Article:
Despite its consistent momentum that keeps you hooked at all time, there's no denying Greengrass's up, close and personal filmmaking style is a bit overwhelming it'll make your head spins. At times his shaky camerawork tends to cause one into motion sickness and some of the scenes are simply too tightly edited you have hard times trying to focus what really has happened.

Obvious flaws aside, the rest of the technical credits are top-notch with Oliver Wood's eye-catching cinematography towards its exotic locations, while Christopher Rouse's airtight editing and John Powell's intense music score works up pretty well to engage along the wild ride.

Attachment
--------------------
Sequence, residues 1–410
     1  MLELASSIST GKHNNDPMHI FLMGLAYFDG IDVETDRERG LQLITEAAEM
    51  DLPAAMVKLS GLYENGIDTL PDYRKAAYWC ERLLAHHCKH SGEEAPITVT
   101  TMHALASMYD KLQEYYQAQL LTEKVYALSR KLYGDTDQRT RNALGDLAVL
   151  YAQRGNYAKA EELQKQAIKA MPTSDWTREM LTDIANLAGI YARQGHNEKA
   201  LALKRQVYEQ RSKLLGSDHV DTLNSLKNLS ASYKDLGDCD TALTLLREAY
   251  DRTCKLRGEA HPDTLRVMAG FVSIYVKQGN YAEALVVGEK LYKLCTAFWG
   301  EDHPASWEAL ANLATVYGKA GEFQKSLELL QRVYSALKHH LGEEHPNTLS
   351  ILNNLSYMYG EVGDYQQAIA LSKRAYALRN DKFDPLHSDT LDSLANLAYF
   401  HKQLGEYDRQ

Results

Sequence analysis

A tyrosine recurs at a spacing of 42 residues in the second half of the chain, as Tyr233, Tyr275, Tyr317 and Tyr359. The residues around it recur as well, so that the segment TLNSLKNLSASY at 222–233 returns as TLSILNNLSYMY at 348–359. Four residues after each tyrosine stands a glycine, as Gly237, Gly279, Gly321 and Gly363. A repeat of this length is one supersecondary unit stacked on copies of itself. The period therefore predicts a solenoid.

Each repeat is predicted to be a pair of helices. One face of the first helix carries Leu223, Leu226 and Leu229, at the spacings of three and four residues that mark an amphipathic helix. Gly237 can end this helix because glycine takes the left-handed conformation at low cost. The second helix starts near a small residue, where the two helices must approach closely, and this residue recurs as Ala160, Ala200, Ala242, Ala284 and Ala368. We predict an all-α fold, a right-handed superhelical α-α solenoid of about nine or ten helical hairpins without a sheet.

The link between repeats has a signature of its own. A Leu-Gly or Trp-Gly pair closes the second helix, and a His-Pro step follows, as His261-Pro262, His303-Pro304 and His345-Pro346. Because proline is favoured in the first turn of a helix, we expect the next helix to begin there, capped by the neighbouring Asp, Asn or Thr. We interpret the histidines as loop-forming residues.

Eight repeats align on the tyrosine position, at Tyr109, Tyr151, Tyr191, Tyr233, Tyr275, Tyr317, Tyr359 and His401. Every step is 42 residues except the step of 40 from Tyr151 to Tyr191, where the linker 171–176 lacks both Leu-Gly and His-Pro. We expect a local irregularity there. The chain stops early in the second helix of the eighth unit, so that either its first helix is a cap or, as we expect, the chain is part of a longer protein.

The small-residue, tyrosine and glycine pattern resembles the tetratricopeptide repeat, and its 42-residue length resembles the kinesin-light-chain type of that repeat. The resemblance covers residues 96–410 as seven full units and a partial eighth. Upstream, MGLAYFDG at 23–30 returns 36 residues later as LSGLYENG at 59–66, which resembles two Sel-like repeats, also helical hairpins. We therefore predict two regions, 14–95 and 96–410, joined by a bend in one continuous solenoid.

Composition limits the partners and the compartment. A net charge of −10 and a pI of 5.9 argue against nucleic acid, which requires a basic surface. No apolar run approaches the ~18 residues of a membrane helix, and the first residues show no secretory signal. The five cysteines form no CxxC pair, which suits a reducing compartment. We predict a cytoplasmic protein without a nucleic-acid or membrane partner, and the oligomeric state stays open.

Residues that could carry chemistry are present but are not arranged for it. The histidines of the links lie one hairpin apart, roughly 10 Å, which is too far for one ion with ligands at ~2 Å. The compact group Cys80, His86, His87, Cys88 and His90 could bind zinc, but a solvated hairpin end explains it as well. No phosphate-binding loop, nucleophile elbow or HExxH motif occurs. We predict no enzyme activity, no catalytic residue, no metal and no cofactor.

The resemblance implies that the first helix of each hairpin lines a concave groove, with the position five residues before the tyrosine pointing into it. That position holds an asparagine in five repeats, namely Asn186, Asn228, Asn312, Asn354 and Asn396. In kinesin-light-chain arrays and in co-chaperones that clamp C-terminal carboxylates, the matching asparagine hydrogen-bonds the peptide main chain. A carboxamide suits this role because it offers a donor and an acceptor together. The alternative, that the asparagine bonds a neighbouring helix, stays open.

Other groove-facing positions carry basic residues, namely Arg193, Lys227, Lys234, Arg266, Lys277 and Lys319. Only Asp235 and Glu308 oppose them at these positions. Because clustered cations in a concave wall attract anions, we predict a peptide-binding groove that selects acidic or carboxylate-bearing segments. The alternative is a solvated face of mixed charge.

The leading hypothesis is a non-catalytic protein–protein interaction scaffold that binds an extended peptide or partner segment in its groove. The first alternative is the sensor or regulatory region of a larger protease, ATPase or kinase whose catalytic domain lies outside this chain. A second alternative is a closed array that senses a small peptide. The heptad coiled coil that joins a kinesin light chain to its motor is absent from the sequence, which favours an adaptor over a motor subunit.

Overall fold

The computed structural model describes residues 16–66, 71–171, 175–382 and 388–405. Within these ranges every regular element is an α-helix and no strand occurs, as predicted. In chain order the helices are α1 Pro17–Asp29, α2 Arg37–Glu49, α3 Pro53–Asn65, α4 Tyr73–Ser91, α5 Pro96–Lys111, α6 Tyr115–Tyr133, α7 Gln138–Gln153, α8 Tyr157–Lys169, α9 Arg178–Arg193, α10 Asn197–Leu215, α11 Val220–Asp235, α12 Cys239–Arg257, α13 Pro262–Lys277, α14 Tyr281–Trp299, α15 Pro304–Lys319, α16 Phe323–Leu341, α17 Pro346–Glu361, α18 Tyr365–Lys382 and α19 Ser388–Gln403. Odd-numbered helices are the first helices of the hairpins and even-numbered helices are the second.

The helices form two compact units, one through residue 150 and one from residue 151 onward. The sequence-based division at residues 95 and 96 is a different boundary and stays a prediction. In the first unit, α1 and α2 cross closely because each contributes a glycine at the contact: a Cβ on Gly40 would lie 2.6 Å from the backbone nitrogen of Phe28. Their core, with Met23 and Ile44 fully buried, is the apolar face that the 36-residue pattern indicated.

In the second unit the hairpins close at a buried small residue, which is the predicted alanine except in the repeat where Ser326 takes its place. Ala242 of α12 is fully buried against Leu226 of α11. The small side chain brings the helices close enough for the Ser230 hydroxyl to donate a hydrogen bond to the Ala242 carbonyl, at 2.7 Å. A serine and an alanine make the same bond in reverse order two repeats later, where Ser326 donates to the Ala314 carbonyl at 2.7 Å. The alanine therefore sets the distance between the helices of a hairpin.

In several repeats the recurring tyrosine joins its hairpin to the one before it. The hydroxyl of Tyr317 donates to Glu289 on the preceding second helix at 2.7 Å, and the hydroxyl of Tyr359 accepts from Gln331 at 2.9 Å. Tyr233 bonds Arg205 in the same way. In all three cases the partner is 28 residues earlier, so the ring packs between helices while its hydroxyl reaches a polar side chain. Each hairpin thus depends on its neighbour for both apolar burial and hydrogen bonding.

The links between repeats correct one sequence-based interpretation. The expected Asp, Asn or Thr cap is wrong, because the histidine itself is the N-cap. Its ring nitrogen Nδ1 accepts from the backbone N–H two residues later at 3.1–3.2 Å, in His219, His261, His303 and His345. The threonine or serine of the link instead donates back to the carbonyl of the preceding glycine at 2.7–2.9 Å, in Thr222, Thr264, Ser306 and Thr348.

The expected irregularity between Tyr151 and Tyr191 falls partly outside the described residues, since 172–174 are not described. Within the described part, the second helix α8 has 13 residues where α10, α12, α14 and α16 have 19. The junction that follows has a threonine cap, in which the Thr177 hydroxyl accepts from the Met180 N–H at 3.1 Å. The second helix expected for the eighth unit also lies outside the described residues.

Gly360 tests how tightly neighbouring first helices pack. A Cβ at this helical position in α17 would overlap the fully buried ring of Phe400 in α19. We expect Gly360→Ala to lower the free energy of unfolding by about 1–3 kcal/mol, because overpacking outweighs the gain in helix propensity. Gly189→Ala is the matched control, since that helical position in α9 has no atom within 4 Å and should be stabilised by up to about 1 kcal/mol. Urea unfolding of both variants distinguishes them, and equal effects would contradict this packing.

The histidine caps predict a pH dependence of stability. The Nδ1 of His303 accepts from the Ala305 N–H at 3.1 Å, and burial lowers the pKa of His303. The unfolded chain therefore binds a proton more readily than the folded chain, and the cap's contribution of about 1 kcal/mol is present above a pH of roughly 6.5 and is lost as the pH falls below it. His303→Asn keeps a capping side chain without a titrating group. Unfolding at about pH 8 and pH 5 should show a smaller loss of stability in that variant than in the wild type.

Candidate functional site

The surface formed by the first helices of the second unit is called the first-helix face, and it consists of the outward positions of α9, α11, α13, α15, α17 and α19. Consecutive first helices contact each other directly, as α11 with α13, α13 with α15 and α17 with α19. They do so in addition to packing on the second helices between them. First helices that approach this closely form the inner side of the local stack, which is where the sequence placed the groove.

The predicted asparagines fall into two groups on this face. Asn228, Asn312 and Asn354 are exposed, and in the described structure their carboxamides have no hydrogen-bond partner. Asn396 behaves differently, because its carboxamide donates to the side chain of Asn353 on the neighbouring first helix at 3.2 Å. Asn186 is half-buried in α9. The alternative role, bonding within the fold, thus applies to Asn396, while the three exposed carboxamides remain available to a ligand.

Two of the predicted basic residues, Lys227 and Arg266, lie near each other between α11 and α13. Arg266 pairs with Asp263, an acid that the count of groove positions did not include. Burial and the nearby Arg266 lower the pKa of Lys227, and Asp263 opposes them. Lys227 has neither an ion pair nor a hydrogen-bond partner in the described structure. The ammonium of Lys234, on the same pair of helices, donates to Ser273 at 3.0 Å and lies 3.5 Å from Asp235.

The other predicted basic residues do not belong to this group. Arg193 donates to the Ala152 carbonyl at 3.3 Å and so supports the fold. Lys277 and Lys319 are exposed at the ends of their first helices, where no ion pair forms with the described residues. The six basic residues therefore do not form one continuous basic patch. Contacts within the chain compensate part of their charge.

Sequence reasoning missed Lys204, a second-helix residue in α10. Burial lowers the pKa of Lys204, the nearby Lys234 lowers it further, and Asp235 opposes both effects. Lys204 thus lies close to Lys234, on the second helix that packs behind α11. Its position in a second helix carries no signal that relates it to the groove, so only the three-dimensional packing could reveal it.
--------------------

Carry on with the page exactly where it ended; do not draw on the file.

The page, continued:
Not forgetting the cast also, are all fully committed to their respective roles though it's a bit pity that Greengrass doesn't have much time to elaborate each of the characters more than just one-dimensional since he's too busy staging action scenes one after another. Whatever it is, the actors remain engaging enough to keep us involved with them: Matt Damon continues to impress with his amazing physical bodywork and intense performance as he'll stop at nothing to dig out his past, while Julia Stiles is given extra screen time to extend her role with vivid result. David Strathairn is perfectly low-key in his effective portrayal as the power-hungry CIA heads of operation and so as Scott Glenn; Joan Allen in her consistently strong performance as always, and Albert Finney is equally memorable as the man-behind-the-curtain, Dr. Hisrch.